Seat capacity offered by long-haul low-cost carriers (LCCs) crossing the Atlantic has doubled in the past two years, spelling bad news for Europe’s legacy operators.
While acknowledging it is 40 year since Sir Freddie Laker’s Skytrain shook up the cozy cartel ruling the roost over the North Atlantic, the US investment bank says a new threat has emerged to that cartel.
“A new generation of carriers is taking on the legacy groups with a fresh twist on the low-cost, long-haul model. The rise of Norwegian, as well as the likes of Wow Air and WestJet, has forced the hand of the legacy carriers on both sides of the Atlantic into adapting their own business models to suit this new reality.” Morgan Stanley said.
The broker notes that fourth quarter schedules for this year point to a 30% year-on-year increase in capacity in the all-important North Atlantic market.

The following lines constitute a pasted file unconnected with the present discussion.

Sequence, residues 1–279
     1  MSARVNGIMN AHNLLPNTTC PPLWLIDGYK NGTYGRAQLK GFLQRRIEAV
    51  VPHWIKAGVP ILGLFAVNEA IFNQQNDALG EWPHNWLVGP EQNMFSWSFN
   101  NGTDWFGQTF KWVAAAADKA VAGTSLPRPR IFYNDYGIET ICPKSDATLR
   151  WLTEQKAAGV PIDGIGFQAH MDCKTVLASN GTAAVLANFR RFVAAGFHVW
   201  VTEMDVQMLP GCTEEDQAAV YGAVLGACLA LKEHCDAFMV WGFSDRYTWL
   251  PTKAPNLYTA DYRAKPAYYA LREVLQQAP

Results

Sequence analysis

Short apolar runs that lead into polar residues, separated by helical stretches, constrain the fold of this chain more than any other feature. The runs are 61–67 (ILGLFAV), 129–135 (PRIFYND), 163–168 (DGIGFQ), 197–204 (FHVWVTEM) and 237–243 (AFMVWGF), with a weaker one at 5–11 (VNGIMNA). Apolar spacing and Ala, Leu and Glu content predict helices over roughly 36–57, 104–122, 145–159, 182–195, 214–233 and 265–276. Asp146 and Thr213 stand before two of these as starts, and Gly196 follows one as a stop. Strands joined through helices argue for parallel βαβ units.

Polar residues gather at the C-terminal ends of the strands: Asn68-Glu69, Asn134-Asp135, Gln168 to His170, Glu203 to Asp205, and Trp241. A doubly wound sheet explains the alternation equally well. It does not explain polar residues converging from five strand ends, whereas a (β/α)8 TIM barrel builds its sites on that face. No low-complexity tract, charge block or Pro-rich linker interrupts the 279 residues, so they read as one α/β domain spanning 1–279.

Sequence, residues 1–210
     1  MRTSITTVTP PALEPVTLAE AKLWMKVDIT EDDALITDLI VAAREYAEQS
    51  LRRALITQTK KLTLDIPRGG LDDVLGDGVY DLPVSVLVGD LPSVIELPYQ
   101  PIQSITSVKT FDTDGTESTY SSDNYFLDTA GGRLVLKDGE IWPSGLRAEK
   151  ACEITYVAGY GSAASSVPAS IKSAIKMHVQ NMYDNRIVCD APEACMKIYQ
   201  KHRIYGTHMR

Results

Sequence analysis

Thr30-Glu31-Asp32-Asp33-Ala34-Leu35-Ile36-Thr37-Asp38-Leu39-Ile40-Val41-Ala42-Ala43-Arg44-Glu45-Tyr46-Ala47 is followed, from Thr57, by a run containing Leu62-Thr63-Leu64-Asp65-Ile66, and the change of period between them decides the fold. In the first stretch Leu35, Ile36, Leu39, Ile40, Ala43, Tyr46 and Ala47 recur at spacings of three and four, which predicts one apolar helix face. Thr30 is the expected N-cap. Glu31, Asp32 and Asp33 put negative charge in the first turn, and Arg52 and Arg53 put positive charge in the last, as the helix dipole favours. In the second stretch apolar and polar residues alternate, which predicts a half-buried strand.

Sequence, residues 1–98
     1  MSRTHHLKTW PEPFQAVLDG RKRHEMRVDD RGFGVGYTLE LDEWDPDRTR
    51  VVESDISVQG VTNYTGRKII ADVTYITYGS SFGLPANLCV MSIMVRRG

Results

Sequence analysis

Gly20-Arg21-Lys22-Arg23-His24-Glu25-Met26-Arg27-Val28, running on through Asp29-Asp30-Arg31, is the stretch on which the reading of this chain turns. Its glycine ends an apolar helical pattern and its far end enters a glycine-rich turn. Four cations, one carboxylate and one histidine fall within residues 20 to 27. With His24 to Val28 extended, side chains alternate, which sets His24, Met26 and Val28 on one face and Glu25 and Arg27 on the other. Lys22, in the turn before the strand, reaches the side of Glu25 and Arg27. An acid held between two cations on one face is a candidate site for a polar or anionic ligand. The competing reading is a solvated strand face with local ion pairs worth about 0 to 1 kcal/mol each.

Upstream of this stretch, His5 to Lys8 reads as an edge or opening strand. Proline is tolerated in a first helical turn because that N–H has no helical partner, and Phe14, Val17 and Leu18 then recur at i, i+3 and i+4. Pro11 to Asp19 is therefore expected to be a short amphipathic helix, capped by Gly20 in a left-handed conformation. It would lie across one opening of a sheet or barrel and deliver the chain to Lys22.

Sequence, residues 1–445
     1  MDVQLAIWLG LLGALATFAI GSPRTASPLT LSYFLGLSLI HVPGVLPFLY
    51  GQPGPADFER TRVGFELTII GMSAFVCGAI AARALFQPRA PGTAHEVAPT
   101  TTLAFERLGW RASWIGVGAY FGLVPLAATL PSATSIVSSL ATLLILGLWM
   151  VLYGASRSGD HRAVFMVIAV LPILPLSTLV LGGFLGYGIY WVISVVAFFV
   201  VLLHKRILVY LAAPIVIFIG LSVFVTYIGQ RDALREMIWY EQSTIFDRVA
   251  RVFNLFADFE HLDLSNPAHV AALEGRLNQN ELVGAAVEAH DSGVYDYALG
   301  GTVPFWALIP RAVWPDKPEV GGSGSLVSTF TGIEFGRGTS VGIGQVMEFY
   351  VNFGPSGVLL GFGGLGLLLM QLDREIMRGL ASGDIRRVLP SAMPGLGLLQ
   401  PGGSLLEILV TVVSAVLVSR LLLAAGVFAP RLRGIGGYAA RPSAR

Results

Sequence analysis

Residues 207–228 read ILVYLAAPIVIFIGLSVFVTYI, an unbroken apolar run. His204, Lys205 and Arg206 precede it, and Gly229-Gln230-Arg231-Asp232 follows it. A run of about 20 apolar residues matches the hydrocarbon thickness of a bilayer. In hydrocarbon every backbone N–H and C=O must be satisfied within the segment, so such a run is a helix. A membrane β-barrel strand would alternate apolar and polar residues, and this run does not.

The deployment of new generation aircraft may help facilitate sustainable cost advantages for the LCCs or “no frills” operators versus the legacy alternatives and may see pressure on revenue per available seat miles accelerate in the near future.
“EU legacies [legacy companies] are likely to see most risk - with IAG the most exposed from revenue & traffic perspective - and we move to Equal-weight: IAG presently sees around one third of its revenues earned on the Atlantic market - compared to ~15-20% for remaining five Atlantic peers. Should we see even a 5% drop in Atlantic pricing/revenue this could impact our 2018 EBIT forecasts for IAG by 12% without accounting for additional Brexit/UK economy risks that may arise,” Morgan Stanley calculated.
The broker has a price target of €7, which is roughly 636p; the shares currently trade at around six quid.